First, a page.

Chief Electoral Officer Marc Mayrand speaks at a news conference in Ottawa on Sept. 14, 2015. (Photo: Fred Chartrand/CP)Marc Mayrand doubts there'd be enough time to organize a more complicated referendum that gives Canadians multiple voting systems to choose from and asks them to rank their preferences — as was done in Prince Edward Island's recent plebiscite on electoral reform. "Administratively, I must say it would be difficult. Let's be very clear on that," Mayrand said in an interview marking the imminent end of his 10-year tenure at the helm of Elections Canada. "We don't have the technology in place to manage a ranked ballot. A ranked ballot requires technology to compute the results. By hand, you'll be at it for a long, long time."
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'There's still time to have it before the summer'According to Mayrand, Elections Canada needs at least six months to organize a national referendum. And it needs at least two years to adjust to a new voting system if it's to be implemented by October 2019. Ideally then, if there is a referendum, it should take place before the summer. "There's still time to have it before the summer," he said. "Time is running out." Complicating matters, outdated legislation governing national referendums would likely have to be amended to, if nothing else, adopt the strict spending and donation limits that now apply to political parties. The 25-year-old Referendum Act allows for multiple questions but requires that they be subject to simple Yes or No answers; there is no provision for ranking multiple options on a preferential ballot.
Grits move on gutting Fair Elections ActWhile the Trudeau government's commitment to electoral reform is dubious, Monsef last week followed through on other campaign promises to repeal some of the most controversial provisions of the previous Conservative government's Fair Elections Act that she said erected unnecessary barriers to voting. Among other things, her new bill would restore the use of voter information cards as a valid piece of identification at polling stations. Mayrand had stoutly opposed the Tories' measures, arguing that they could disenfranchise up to 500,000 voters. For his pains, he was vilified by Conservatives as biased and motivated by a desire to pad his budget and his power — an unprecedented attack on an independent officer of Parliament.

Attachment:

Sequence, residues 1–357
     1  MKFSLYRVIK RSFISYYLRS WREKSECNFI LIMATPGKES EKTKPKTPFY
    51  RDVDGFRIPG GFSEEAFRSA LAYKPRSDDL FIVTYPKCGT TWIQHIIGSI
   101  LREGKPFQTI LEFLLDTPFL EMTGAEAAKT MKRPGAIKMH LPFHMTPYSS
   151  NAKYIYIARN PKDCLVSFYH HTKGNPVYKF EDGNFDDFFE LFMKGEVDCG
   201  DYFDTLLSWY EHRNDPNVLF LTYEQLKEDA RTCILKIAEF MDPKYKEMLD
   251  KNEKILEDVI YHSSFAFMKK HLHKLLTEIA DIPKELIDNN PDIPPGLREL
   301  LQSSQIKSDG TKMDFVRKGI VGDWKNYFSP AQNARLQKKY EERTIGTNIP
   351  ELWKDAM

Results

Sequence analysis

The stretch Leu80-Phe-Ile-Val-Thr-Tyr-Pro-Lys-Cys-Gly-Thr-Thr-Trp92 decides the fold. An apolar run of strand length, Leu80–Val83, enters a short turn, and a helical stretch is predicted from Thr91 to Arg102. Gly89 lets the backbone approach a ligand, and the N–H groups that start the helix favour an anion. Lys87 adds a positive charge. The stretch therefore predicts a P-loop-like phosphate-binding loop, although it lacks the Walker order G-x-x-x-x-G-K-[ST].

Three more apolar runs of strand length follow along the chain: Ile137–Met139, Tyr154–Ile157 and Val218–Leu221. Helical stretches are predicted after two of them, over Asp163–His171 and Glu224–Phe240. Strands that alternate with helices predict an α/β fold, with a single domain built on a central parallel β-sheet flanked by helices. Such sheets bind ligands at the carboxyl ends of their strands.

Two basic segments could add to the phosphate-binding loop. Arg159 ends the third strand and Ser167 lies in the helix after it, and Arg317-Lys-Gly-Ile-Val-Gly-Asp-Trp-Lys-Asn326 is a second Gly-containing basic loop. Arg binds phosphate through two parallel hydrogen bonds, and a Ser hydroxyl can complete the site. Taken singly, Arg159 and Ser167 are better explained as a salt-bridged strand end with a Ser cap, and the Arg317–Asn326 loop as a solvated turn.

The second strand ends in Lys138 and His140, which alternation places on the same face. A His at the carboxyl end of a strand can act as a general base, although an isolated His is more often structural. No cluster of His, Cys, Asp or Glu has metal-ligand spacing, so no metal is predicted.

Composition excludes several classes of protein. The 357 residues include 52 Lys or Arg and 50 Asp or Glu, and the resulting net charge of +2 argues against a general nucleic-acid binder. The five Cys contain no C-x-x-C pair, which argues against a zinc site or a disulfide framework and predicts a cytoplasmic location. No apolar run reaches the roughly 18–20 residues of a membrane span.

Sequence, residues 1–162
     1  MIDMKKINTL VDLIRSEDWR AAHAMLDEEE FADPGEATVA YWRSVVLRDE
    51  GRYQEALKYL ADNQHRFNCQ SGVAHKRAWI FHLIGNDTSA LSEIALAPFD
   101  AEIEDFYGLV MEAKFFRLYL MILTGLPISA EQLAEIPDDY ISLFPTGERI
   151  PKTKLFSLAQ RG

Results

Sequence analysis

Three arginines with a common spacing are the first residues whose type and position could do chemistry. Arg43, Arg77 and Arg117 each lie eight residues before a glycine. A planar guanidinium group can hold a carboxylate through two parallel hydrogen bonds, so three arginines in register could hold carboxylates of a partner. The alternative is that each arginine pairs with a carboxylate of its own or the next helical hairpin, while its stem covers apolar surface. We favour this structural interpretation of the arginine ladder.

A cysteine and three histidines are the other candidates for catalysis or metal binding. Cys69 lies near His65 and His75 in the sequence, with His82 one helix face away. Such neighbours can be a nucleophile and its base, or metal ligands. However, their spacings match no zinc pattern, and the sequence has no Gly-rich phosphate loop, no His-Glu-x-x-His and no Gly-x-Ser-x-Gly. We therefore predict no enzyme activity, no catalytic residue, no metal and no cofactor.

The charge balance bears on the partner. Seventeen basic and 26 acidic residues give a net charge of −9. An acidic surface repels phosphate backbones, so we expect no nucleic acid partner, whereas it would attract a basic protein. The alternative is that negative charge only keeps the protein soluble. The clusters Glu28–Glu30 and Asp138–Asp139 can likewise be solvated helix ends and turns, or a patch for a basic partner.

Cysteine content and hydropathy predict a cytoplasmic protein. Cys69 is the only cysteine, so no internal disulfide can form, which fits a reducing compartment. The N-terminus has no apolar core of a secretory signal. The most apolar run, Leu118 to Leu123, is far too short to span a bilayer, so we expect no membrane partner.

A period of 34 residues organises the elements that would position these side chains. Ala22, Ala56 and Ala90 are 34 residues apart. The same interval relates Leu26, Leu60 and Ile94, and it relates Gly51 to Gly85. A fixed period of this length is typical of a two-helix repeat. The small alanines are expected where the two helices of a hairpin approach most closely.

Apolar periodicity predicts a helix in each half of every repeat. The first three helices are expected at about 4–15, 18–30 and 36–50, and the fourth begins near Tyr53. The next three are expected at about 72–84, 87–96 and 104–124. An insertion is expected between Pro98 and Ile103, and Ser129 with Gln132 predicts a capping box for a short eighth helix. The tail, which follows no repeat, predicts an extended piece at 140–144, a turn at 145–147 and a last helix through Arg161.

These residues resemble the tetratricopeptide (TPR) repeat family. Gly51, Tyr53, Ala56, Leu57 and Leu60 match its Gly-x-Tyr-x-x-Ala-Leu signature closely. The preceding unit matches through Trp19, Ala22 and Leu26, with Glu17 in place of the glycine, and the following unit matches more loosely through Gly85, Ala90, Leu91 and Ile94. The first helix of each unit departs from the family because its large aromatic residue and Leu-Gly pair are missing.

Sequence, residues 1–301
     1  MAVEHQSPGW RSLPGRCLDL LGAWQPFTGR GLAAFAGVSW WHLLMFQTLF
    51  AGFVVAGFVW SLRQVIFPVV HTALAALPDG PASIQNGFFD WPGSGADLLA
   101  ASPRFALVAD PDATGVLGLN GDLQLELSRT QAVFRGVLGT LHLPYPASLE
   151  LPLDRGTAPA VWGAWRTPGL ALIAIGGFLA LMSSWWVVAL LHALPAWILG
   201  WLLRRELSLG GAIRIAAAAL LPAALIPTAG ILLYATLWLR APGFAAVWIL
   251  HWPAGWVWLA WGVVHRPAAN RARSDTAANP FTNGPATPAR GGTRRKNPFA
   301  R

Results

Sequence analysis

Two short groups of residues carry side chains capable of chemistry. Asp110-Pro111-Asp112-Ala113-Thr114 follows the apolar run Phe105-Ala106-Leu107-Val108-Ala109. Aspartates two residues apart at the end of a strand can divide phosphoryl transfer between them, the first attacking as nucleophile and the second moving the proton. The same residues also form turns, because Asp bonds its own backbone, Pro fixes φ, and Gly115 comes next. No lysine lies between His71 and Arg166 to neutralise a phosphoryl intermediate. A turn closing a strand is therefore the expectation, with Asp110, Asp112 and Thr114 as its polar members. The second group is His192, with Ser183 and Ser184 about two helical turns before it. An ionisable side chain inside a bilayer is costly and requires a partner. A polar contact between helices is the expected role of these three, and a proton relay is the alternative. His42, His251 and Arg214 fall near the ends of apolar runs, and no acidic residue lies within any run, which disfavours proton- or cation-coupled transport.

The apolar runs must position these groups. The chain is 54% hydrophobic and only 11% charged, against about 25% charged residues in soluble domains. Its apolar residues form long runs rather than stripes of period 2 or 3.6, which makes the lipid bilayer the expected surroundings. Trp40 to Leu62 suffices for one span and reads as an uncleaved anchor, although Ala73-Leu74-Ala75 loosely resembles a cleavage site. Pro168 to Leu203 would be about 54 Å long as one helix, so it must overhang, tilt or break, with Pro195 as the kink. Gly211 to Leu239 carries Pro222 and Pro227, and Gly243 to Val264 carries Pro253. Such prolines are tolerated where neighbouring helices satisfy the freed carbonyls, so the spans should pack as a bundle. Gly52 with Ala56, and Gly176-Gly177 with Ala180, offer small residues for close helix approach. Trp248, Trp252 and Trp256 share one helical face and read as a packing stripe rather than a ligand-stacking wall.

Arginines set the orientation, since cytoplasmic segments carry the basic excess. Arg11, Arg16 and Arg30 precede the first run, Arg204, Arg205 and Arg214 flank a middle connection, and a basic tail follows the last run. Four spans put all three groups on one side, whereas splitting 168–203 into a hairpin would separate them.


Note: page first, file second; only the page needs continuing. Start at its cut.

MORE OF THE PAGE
Tory attacks 'unfortunate'Mayrand said he never "dreamed nor had a nightmare" that he'd be subjected to such personal attacks for doing his job to protect the integrity of Canada's elections. And he found the assault on Elections Canada's internationally renowned reputation as an independent watchdog "saddening." "I found it was unfortunate but, again, I had to accept that it comes with the territory." In the United States, president-elect Donald Trump similarly alleged that the electoral process was "rigged" against him. Mayrand said such allegations aren't unusual in "the intensity of a campaign" and people don't generally take them seriously. Still, he said: "We need to be careful because public trust is something that is fragile and we need to cultivate it."
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